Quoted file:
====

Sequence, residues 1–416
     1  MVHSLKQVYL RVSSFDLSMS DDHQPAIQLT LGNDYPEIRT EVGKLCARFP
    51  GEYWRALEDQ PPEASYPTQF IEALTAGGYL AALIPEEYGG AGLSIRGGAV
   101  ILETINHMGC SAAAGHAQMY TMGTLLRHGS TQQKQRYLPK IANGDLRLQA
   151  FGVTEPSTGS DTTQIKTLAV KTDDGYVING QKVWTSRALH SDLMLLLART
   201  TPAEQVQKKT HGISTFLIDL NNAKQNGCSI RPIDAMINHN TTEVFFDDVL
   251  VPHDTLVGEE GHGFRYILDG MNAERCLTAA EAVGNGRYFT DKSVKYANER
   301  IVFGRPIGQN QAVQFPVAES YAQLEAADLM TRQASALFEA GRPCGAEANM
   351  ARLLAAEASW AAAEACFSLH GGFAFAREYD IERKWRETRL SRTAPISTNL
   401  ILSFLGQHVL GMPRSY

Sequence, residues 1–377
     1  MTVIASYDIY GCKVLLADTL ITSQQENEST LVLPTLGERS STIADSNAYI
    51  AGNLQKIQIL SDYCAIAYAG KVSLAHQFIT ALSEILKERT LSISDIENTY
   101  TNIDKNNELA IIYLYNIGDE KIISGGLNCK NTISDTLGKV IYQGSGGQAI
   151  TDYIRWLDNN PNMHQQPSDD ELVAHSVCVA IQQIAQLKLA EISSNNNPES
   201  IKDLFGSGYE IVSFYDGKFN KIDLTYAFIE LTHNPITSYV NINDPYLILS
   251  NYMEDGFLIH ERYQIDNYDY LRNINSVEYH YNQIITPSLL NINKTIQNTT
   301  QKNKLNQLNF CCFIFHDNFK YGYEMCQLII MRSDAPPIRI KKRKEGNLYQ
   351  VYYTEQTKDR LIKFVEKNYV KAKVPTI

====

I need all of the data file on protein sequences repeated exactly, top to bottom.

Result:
Sequence, residues 1–416
     1  MVHSLKQVYL RVSSFDLSMS DDHQPAIQLT LGNDYPEIRT EVGKLCARFP
    51  GEYWRALEDQ PPEASYPTQF IEALTAGGYL AALIPEEYGG AGLSIRGGAV
   101  ILETINHMGC SAAAGHAQMY TMGTLLRHGS TQQKQRYLPK IANGDLRLQA
   151  FGVTEPSTGS DTTQIKTLAV KTDDGYVING QKVWTSRALH SDLMLLLART
   201  TPAEQVQKKT HGISTFLIDL NNAKQNGCSI RPIDAMINHN TTEVFFDDVL
   251  VPHDTLVGEE GHGFRYILDG MNAERCLTAA EAVGNGRYFT DKSVKYANER
   301  IVFGRPIGQN QAVQFPVAES YAQLEAADLM TRQASALFEA GRPCGAEANM
   351  ARLLAAEASW AAAEACFSLH GGFAFAREYD IERKWRETRL SRTAPISTNL
   401  ILSFLGQHVL GMPRSY

Sequence, residues 1–377
     1  MTVIASYDIY GCKVLLADTL ITSQQENEST LVLPTLGERS STIADSNAYI
    51  AGNLQKIQIL SDYCAIAYAG KVSLAHQFIT ALSEILKERT LSISDIENTY
   101  TNIDKNNELA IIYLYNIGDE KIISGGLNCK NTISDTLGKV IYQGSGGQAI
   151  TDYIRWLDNN PNMHQQPSDD ELVAHSVCVA IQQIAQLKLA EISSNNNPES
   201  IKDLFGSGYE IVSFYDGKFN KIDLTYAFIE LTHNPITSYV NINDPYLILS
   251  NYMEDGFLIH ERYQIDNYDY LRNINSVEYH YNQIITPSLL NINKTIQNTT
   301  QKNKLNQLNF CCFIFHDNFK YGYEMCQLII MRSDAPPIRI KKRKEGNLYQ
   351  VYYTEQTKDR LIKFVEKNYV KAKVPTI